SPECIAL: Beheadings in Basilan: Untangling the Allegations

July 15, 2007 at 10:30 am | Posted in Uncategorized | Leave a comment

On 10 July, a group of 80 Philippine Marines were patrolling Guinanta village in the Tipo Tipo area of Basilan, Island, just south of Zamboanga, when they were ambushed by members of the Moro Islamic Liberation Front (MILF) and quite possibly members of the Abu Sayyaf Group (ASG).

Fourteen marines were killed, ten of those were decapitated, and nine more were wounded. That the MILF and the Armed Forces of the Philippines (AFP) clashed is not in doubt and both have acknowledged the conflict. But those are about the only facts the two sides agree.

The AFP asserts that they had some intelligence that an Italian priest, Giancarlo Bossi, who was kidnapped from his parish on the Zamboanga Peninsula on 10 June was being held in the Tipo Tipo region. Most analysts and government attributed his kidnapping to the Abu Sayyaf Group, not the MILF. It fits the profile of both groups.

From 1991-1995, the ASG engaged in exclusively anti-Christian violence, bombing churches and attacking Christian clergy. Though the ASG degraded into a criminal element in the mid-1990s, by 2000, they had re-entered a more ideological fray, and again stepped up attacks on Christians and missionaries. The MILF by contrast has never engaged in sectarian conflict and, indeed, has worked closely with members of the Catholic clergy in peace efforts.

There is a possibility that the MILF were involved. The Philippine police labeled Akiddin Abdusallam as the lead kidnapper. The MILF acknowledge that he was once an MILF member but that he had previously been kicked out of the MILF and had since joined the ASG.

This is unverifiable, and a standard response of MILF when a member/former member is implicated in an act of terrorism. I would note that MILF units on the Zamboanga Peninsula, ostensibly part of the 108th Base Command, have always been a less disciplined force, without the standard kit, discipline and numbers found in MILF forces in central Mindanao.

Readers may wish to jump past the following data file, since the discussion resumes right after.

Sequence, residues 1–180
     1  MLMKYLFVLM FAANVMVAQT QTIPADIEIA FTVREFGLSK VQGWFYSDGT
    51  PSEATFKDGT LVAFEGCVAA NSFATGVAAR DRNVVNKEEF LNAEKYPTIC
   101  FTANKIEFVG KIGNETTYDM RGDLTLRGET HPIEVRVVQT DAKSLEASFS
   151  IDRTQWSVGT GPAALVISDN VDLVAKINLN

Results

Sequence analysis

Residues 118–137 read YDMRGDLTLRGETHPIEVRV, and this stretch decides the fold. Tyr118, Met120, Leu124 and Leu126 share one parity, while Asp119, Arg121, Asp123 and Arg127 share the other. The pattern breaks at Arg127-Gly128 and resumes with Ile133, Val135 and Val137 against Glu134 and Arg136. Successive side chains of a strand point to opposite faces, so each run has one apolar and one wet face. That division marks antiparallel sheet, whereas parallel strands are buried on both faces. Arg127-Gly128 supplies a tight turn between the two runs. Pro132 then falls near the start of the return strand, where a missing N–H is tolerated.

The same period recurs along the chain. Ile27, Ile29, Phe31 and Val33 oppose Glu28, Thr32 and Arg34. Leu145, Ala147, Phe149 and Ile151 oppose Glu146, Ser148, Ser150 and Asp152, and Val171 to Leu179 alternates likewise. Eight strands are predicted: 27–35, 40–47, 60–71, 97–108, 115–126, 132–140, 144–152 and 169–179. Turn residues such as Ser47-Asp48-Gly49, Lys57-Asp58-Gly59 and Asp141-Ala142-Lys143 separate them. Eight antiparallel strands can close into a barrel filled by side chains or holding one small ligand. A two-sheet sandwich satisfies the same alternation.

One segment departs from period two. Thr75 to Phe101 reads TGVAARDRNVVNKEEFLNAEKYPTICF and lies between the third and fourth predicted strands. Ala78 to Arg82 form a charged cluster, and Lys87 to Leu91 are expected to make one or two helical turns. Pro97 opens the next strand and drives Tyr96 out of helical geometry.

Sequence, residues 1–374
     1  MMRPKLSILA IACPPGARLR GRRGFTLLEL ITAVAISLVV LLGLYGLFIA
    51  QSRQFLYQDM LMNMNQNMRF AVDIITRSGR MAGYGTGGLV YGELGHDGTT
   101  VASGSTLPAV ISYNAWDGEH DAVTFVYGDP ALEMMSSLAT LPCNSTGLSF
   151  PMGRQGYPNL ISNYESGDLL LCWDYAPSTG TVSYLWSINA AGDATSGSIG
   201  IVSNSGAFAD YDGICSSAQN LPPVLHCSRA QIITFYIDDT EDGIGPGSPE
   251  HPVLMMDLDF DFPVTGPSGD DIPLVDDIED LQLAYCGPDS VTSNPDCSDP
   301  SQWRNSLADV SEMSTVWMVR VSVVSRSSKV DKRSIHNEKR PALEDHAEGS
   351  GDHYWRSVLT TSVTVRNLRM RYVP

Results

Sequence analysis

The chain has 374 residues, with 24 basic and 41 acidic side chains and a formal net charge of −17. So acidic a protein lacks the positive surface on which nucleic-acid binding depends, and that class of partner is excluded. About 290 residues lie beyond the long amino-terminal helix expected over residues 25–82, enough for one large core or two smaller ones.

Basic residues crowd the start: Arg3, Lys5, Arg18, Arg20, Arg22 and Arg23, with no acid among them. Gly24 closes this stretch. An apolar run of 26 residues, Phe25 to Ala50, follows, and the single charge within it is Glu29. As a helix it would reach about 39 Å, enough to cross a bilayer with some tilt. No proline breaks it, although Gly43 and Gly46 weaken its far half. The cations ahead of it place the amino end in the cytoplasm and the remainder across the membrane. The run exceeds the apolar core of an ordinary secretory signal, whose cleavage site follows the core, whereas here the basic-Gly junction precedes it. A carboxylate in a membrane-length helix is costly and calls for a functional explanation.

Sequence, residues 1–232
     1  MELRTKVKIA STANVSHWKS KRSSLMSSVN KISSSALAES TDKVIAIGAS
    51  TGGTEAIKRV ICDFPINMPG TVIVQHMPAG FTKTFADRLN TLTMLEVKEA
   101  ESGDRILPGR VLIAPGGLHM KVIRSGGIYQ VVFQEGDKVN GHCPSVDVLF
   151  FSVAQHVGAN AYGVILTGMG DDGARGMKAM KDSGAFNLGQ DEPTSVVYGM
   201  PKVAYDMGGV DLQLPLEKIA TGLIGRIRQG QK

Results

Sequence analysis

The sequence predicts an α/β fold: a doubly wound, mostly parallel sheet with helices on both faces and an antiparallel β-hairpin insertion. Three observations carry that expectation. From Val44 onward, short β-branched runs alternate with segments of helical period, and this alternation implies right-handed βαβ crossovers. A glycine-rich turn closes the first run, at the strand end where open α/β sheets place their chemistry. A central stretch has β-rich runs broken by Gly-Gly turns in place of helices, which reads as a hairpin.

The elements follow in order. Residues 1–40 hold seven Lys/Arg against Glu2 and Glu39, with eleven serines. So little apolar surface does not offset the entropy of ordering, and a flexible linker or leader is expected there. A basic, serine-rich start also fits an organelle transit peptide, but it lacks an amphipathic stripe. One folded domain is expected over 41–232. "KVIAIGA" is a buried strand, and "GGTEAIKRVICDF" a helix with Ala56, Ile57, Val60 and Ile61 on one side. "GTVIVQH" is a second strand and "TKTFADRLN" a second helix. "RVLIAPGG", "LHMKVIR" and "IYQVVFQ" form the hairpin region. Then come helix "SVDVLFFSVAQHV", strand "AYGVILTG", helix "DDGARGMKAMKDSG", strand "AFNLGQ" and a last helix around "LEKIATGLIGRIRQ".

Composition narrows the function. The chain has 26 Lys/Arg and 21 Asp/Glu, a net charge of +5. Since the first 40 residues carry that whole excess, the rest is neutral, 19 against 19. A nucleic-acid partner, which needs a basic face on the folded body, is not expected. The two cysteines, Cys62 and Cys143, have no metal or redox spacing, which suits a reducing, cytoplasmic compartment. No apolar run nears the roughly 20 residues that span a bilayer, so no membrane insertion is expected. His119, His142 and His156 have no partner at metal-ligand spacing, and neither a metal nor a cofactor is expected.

They have also been closely tied to ASG in that area. If one recalls, there were frequent skirmishes between the MILF and the AFP during the latter’s campaign against the ASG in 2001-02 that led to the death of Abu Sabaya.

These incidents were reported to the Malaysian-led International Monitoring team. The AFP always asserted that the two groups in that region were indistinguishable and often worked together.

Even if the MILF did not assist in the abduction, it is not unreasonable to think that local members are giving the ASG sanctuary. It is not historically unprecedented. On 11 July, a military official Col. Ramiro Alivio told one of the country’s two major TV networks, “We have persistent reports that Bossi is being held in Al-Barka town [in Tipo Tipo] and the MILF is preventing us from searching the priest,” he said.

Further complicating the matter is the possibility that some renegade members of the MNLF, who on 19 April launched attacks on Philippine army posts on the Zamboanga peninsula, assisted in the kidnapping (This group is believed to have followed an MNLF leader on Jolo, Habier Malik, who took up arms against Philippine and US forces on 13 April and since disappeared into the bush allegedly with the ASG).

The Tipo Tipo portion of Basilan is home to the Yakan tribe, who are very loyal MILF members. It is the one part of the Sulu Archipelago, which is predominantly dominated by Tausugs, where the MILF have a strong presence. In 2002, when US and Philippine forces were engaged in operations against the ASG on Basilan, they negotiated an informal agreement with the MILF that they would not enter the Tipo Tipo region. This was allowed for the sake of the nascent peace process between the MILF and Philippine Government, despite the fact that there was significant intelligence that the MILF gave the ASG sanctuary. The area remains firmly in MILF hands.

The MILF has asserted through the media and their website that they were acting in self -defense. The MILF’s chief negotiator and Central Committee member, Mohagher Iqbal, told Reuters that “The incident could have been avoided if the government had coordinated with our forces in Basilan before they actually moved in… Our forces were attacked, we only defended ourselves.”

But the MILF there have a history of giving a degree of sanctuary to the ASG. Would the permission really have been given? Could Philippine troops have had freedom of operation? The AFP asserts that they were leaving the area when they were ambushed? If they were voluntarily leaving, why the ambush?

The AFP asserts that they were ambushed not just by MILF but also by the ASG. The MILF deny that there were any ASG in the area, and publicly assert that they have nothing to do with them. There have, however, been periods of cooperation in the past.